Hope for a Better Tomorrow: Suicide Prevention

It's Suicide Prevention week in the United States.


There was a time when those words meant nothing to me. Suicide prevention was someone else's problem and a week dedicated to it was the last thing on my mind. That all changed on April 23, 2013 when I lost my brother to suicide.


If you missed my blog post about my experience, you can read about it here: https://www.riseupmission.com/post/the-aftermath-of-suicide-an-honest-look


That day forever changed my life. I started to change the things I didn't like: my surroundings, my habits, and found purpose in the pain. I met lots of people that lost loved ones to suicide, addiction, and mental health issues.


The one thing that I feel most blessed about is how this experience taught me how to be empathetic. Empathy is understanding someone's pain and listening, really listening and sitting with someone in their time of need.


We've all had bad days, I think we can agree on that. And we always will. It's not always as simple as saying, "It'll be okay" to someone that is feeling down. Saying that is NOT being empathetic. Instead, ask that person to take a walk with you or meet you for coffee. Meet them with NO agenda. Simply listen. Do not offer advice or provide your take on their situation. People need someone to listen to them with open hearts and minds. That is really the greatest gift we can give someone that is struggling.


Oftentimes, people that are feeling suicidal aren't having one bad day. It is a string of bad days, weeks, months, or years that have led to this feeling. One conversation might help, but your loved one might also need professional intervention.


Here's what to do when you are worried about someone you love (from AFSP, American Foundation for Suicide Prevention):


Have an honest conversation:

  1. Talk to them in private

  2. Listen to their story

  3. Tell them you care about them

  4. Ask directly if they are thinking about suicide

  5. Encourage them to seek treatment or contact their doctor or therapist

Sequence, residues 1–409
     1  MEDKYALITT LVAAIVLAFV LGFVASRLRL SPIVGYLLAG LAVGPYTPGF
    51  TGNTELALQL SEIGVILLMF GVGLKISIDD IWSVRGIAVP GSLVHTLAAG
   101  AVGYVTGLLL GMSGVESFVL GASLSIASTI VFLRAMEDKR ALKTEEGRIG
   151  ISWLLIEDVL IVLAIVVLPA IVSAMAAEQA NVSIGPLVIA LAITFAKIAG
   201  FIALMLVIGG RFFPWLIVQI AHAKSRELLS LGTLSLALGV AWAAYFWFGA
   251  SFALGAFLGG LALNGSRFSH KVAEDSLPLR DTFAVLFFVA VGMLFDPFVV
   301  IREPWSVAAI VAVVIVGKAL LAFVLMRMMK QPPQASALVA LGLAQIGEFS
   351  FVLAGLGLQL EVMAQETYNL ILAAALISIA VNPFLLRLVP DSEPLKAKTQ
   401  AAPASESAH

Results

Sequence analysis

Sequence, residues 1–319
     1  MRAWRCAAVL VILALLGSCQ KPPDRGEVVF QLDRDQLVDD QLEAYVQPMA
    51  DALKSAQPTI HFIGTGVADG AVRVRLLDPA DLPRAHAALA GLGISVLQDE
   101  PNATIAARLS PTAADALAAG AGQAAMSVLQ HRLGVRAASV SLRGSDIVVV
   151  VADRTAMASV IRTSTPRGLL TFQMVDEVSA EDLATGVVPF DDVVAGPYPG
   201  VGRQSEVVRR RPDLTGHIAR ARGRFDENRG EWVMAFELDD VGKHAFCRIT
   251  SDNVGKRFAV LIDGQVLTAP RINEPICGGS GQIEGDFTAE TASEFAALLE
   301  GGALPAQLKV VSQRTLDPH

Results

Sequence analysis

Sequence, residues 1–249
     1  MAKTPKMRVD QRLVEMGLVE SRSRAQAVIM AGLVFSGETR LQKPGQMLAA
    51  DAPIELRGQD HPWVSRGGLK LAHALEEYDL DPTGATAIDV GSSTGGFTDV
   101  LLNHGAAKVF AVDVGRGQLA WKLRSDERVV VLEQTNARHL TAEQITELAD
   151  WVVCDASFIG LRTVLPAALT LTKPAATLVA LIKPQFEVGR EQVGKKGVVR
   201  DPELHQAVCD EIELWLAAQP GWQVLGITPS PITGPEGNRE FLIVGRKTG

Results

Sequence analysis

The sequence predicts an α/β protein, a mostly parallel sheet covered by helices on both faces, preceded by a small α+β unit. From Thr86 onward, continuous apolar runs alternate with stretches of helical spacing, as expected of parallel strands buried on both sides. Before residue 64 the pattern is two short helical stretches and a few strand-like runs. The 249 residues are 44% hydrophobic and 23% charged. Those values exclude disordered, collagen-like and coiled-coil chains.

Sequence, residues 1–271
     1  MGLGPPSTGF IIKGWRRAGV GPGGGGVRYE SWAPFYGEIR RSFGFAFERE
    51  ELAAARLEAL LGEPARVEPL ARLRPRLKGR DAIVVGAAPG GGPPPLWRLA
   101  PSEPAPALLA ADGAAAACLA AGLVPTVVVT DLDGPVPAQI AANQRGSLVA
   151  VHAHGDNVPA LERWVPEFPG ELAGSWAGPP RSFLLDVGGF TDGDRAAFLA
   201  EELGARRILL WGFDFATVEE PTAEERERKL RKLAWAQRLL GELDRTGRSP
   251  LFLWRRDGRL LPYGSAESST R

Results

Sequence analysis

6. Avoid debating the value of life, minimizing their problems or giving advice


If a person says they are considering suicide:

  • Take the person seriously

  • Stay with them

  • Help them remove lethal means

  • Call the National Suicide Prevention Lifeline: 1-800-273-8255

  • Text TALK to 741741 to text with a trained crisis counselor from the Crisis Text Line for free, 24/7

  • Escort them to mental health services or an emergency room


If you are struggling:


  • Call the National Suicide Prevention Lifeline: 1-800-273-8255

  • Text TALK to 741741 to text with a trained crisis counselor from the Crisis Text Line for free, 24/7

  • Go to mental health services or an emergency room

More than anything, I want you to know that if you feel that there is no way out of the whole you are in - if finances are bad, bill collectors are calling, your car is being repossessed - if your relationships are falling apart - if your job, career, or school are suffering - it is NEVER too far gone for change. The first step is getting yourself safe. Reach out to a crisis line as listed above or check in to an emergency room. Connect with a loved one for additional support. You are loved and you matter. More than you know.


I have heard countless stories of men, women, and children that have felt completely hopeless. Each person that I've heard from has turned their life around and found happiness. It is an incredible gift. I hope you know that you are capable of change.


It all starts with making the next best decision.


I remember sitting with my brother at his bar having a beer with him. We were talking about how bad his financial situation was (I am a CPA - as a sidebar). He looked me in the eyes and told me there was nothing I could do. It was too far gone. I felt pretty helpless but he had me convinced. Granted, I didn't know the half of his financial situation until he passed and I won't lie, it was bad. And I don't have any confidence that I could've turned around the mess he was in, but I certainly could've helped him pivot and make the next best decision.


I share this snippet of my story with you because he didn't give himself the chance to do it differently. After he passed, in a reading with a medium, he told me that he wished it hadn't happened and he felt bad for the pain we all experienced as a result. But, it had happened and he couldn't change it. I wish he would've hung on a little longer and seen how life could've been different. I hope that you see how it could be different for you, too.


In my book, #WarriorsinRecovery, I share how we have light moments in which we can pivot but we must decide in those light moments to do so. In the book, 12 women share their stories and each one has a light moment in which they pivot. You can, too.










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